rating icon 8.5 / 10

Track listing:

01. Love Without Love
02. Animal Espionage
03. Heart Reformer
04. Strong and Wrong
05. Ants and Dragons
06. Nightclub Canary
07. Christian Missile Crisis
08. Reign of Error
09. Imposter Syndrome

The first DEAD CROSS album was an absolute riot. With no lesser talent than Mike Patton slotting in to replace late, great, original frontman Gabe Serbian, alongside bassist Justin Pearson (RETOX / THE LOCUST),  guitarist Michael Crain (RETOX) and, most pertinently for metalheads, ex-SLAYER drummer Dave Lombardo, huge, twisted and unpredictable things were expected, and duly delivered. Five years on from that 2017 debut, DEAD CROSS still have the pedigree and the in-built unpredictability to ensure that "II" is every bit as hotly anticipated as its predecessor. The backdrop to all this, of course, is the impact of the pandemic: first, on the record's progress, and second, on Patton himself. The singer has spoken frankly about his battles with anxiety, agoraphobia and alcoholism, and "II" is more squarely anchored in relatable, real life than its predecessor as a result.

Not, of course, that these songs are in any way mawkish or lacking in venom. DEAD CROSS have conjured a very precise and electrifying hardcore punk response to the craziness, sickness and introspective horrors of the last few years. "II" shares plenty with the band's debut, but whether by design or as an inescapable evolutionary shift, these songs touch many more nerves. A profoundly creepy starting point, "Love Without Love" is a spidery, post-punk haze that builds to a series of frenzied peaks, with Patton delivering hooks and hostility with equal commitment. The bleak, industrial vibes continue on "Animal Espionage". With cavernous reverb, Lombardo's KILLING JOKE-like tribal drums and a mounting sense of panic, it's punk rock driven to the brink of emotional collapse.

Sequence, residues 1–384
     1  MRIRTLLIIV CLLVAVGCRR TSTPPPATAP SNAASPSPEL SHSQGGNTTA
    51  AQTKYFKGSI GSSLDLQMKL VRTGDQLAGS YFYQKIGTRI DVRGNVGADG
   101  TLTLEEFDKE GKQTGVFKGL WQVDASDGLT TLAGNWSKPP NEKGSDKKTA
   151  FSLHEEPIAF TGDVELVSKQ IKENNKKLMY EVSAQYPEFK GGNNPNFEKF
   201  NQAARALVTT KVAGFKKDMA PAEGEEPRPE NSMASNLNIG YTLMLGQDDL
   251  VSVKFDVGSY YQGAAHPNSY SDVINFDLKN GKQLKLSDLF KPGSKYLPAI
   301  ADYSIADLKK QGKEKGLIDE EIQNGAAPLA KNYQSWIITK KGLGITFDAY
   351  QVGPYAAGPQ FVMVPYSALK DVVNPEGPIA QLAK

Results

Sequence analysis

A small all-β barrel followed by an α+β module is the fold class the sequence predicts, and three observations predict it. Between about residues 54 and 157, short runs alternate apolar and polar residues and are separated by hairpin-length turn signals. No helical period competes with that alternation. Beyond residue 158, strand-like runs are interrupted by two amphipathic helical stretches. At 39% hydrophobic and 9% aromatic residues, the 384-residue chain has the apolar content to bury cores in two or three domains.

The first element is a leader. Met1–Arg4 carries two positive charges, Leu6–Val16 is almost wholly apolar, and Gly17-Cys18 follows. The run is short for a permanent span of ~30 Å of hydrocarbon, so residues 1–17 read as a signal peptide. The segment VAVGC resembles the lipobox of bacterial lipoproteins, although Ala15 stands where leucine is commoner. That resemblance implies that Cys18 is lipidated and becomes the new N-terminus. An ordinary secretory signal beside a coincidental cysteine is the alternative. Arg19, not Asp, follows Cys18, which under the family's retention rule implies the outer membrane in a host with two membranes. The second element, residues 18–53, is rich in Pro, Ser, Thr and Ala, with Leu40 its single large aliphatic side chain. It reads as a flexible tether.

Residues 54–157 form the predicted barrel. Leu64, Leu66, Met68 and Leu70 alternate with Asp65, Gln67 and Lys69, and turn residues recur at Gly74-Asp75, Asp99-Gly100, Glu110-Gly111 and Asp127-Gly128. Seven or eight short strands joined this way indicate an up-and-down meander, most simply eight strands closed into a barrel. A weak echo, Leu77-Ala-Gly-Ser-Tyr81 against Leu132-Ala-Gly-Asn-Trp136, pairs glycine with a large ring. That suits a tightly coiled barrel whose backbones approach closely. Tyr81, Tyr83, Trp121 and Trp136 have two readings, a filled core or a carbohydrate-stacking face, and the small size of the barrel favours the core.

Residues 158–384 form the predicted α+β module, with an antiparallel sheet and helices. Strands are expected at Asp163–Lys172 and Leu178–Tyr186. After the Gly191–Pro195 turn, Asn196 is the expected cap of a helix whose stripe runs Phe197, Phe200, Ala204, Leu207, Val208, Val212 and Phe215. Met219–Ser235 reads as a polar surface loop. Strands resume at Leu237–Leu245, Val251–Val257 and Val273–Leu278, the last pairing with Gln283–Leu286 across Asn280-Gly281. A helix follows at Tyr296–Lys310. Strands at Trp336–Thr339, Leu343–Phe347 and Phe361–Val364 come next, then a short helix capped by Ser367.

There would be an outcry if DEAD CROSS didn't spend at least some of "II" hammering away like madmen, and both "Heart Reformer" and, in particular, "Reign Of Error" will scratch that bug-eyed thrash itch. It's still indecently exciting to hear Patton (and Pearson, whose voice is a lethally incensed presence throughout) gliding through the gears over Lombardo's fierce double-kicks, but brutal metal is really only a slender thread in this band's fucked-up tapestry. Riddled with the disquiet that surrounded their creation, songs like "Ants And Dragons" and "Christian Missile Crisis" are seamless collages of wonky ideas, wrapped around a twitching skeleton of heroically out-there punk and metal. And as you might expect, or possibly even demand, Patton is imperious from unhinged start to crackpot finish. From the gonzoid hardcore of "Nightclub Canary" to the melancholy schizophrenia of the closing "Imposter Syndrome", his vocal partnership with Pearson is often laugh-out-loud deranged.

An untamed triumph with a surprising emotional kick, "II" is yet more proof that music is the answer to just about everything.

Author: Dom Lawson
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